Jane adds: “Even as we aspire to grow better each year, the organisation is still faced with a number of challenges. Key among these is the high expectations from the communities. Secondly, we still suffer from scarcity of skilled workers, which in turn has an adverse impact on the quality of the work of the organization. Although we have tried to address this problem by using volunteers most of our members and volunteers are illiterate, which makes the work a bit challenging.
“The literate and educated people are very reluctant to give up the comfort of living in towns to come and work in rural communities. Due to the high incidence of poverty in the rural areas where we operate many people expect a lot from the organization in terms of assistance and yet the organization is also constrained by resources, which are very limited compared to the need.
“The countrywide draught and famine led to increased malnutrition, poverty and disease among the communities. It was a challenging time for WOP as our members kept making request after request for assistance.”
WOP’s current projects include the Heifer Chain Program (commonly known as ‘the cow scheme’), which has been operational since 2005. The cow scheme is a livestock sharing program aimed at improving the livelihood of poor rural families. Under this program, a heifer is given to a family who tend it under the supervision of the Community Resource Assistant. When the heifer calves, the first female calf, after being weaned, is passed on to another beneficiary. Under the program, WOP assists in marketing the milk as well as ensuring that families utilize some of the milk produced to enhance their own nutrition.
Another program saw 38 goats purchased and given to women. This benefited a number of families badly affected by the floods and bitter famine, which hit most parts of Uganda. At the time of writing this report, five of the goats were gestating. The animals will go a long way in improving the income of the beneficiaries.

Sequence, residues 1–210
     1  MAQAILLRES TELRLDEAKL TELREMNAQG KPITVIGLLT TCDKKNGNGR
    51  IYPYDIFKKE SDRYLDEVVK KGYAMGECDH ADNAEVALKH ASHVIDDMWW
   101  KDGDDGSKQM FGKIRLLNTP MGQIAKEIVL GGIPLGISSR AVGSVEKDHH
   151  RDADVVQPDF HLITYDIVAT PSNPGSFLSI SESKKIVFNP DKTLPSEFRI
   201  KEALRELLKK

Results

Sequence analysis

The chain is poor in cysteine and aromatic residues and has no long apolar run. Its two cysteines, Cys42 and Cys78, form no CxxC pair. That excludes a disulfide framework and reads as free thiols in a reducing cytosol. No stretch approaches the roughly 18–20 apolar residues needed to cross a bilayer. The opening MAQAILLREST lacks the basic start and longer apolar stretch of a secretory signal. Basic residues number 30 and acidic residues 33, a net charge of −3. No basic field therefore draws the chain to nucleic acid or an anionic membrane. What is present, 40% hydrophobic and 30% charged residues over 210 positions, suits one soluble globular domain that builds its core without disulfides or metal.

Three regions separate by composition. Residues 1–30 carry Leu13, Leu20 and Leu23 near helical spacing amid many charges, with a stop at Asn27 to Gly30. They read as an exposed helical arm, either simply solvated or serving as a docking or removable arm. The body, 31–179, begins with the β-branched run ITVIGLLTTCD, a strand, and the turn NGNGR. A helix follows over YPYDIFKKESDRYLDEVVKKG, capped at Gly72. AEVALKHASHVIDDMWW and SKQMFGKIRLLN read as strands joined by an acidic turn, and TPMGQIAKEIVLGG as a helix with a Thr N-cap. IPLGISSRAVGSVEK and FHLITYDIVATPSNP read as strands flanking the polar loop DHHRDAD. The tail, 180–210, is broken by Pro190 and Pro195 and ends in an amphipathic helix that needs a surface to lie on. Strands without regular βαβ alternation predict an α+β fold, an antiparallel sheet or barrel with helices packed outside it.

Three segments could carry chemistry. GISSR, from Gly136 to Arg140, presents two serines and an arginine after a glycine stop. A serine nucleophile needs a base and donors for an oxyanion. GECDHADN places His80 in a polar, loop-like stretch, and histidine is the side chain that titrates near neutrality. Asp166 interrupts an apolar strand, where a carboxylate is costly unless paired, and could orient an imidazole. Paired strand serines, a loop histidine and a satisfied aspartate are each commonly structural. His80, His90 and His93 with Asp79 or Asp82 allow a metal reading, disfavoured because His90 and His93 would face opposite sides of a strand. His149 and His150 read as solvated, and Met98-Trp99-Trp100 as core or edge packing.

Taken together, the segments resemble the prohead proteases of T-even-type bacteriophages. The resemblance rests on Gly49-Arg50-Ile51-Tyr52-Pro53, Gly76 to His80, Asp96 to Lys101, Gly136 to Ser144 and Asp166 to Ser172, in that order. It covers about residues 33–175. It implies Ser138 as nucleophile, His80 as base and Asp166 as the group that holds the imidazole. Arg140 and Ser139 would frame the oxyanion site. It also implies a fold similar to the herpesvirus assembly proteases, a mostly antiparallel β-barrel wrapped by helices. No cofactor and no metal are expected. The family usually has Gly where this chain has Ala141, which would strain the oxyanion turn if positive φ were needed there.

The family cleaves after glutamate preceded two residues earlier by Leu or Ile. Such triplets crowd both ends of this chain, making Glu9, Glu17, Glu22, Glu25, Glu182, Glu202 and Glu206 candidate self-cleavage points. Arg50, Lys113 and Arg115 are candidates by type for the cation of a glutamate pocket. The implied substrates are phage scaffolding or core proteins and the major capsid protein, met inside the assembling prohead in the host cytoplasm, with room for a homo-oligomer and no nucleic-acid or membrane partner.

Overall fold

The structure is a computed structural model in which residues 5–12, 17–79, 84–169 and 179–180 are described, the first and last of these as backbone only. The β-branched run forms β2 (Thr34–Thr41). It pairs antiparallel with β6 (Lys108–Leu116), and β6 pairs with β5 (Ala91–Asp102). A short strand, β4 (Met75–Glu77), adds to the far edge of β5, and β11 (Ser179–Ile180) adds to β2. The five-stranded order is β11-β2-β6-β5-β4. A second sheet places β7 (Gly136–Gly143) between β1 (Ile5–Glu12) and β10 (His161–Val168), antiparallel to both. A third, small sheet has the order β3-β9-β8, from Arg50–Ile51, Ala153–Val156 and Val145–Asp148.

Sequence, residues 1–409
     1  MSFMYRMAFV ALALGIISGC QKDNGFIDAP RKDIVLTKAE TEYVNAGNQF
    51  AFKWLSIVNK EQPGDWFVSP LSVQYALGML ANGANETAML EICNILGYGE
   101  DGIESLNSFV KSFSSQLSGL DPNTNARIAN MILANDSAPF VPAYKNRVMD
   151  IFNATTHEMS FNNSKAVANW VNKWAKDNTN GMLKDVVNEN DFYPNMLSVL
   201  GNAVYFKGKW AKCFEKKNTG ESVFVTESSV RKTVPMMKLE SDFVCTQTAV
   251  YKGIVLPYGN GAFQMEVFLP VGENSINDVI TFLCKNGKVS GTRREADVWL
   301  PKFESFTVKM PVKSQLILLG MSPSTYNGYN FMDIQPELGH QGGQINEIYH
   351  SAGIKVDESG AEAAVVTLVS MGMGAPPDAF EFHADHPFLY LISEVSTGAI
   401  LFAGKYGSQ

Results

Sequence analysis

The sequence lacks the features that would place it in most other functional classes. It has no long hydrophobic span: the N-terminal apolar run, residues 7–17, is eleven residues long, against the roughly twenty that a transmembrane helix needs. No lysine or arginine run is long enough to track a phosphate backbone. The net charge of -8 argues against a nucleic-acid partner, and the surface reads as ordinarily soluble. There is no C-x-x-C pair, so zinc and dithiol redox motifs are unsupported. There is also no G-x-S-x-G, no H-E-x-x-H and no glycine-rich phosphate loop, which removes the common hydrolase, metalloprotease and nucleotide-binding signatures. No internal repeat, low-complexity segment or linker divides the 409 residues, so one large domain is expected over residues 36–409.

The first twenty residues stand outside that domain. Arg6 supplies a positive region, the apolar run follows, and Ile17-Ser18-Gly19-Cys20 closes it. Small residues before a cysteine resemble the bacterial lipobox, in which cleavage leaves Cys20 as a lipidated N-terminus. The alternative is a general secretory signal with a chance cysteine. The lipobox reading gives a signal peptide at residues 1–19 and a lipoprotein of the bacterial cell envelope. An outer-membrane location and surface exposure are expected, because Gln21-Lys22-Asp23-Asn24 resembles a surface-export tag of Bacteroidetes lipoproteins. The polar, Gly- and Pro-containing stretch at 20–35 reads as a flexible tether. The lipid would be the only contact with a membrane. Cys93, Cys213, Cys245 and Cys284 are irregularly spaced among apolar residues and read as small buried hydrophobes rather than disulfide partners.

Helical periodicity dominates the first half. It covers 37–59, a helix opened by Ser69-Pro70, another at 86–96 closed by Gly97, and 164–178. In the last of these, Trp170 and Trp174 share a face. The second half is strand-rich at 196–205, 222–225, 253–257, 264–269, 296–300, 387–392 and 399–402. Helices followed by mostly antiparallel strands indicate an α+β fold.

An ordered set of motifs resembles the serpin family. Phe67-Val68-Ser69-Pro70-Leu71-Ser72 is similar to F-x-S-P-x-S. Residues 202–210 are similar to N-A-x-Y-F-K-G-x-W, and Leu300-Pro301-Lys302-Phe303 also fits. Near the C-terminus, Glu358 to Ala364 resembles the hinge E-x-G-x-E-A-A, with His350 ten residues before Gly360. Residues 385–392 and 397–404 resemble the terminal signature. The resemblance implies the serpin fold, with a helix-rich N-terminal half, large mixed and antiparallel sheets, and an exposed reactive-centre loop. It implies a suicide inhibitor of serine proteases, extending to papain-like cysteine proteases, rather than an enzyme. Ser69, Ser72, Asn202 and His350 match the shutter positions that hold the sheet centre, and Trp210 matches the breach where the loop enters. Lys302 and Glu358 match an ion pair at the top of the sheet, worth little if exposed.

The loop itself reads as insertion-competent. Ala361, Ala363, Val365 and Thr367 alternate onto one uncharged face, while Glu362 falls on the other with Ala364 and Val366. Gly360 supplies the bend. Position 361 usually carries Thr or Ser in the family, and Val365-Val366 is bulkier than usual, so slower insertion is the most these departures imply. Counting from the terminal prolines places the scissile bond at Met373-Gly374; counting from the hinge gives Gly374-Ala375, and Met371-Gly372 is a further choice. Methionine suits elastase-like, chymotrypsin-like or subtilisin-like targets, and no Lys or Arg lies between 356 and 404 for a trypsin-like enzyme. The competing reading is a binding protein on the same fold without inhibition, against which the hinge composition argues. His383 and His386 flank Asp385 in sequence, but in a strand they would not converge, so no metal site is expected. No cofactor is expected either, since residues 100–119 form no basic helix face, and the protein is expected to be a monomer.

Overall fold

The Widows Housing Program is aimed at alleviating poverty housing among poor widows. By facilitating these widows to build new houses or renovate dilapidated houses, the program plays a large role in improving the living conditions of poor widows and their families, most of who live in dilapidated mud-walled, grass-thatched houses. Through this program, the houses are converted into low cost brick and iron roofed houses.
WOP also mobilises men and women in community development and trains them in life skills, women’s rights awareness and sustainable livelihoods. This is done through workshops and conferences where women share experiences and receive education in various disciplines and life-skills, ranging from financial literacy to hygiene and primary health.
WOP also visit women in their homes, asses their living conditions and give them the opportunity to share their experiences on a one-to-one basis. The NGO will use music, dance and drama to convey messages to local leaders and the community to respect the rights of women, widows, orphans and other children.
In addition, Community Resource Assistants carry out widows’ rights education within widows’ respective home villages. This involves visiting a bereaved widow then during the funeral, asking for the opportunity to have a word with other mourners then requesting the immediate family, the clan and the community at large to support the widow and the orphans in any way possible to enable them to continue living decent lives. Whenever possible, people will give financial support to the bereaved family at such times. In some cases, they have been able to offer counselling to those who need it. In other cases they offer food items.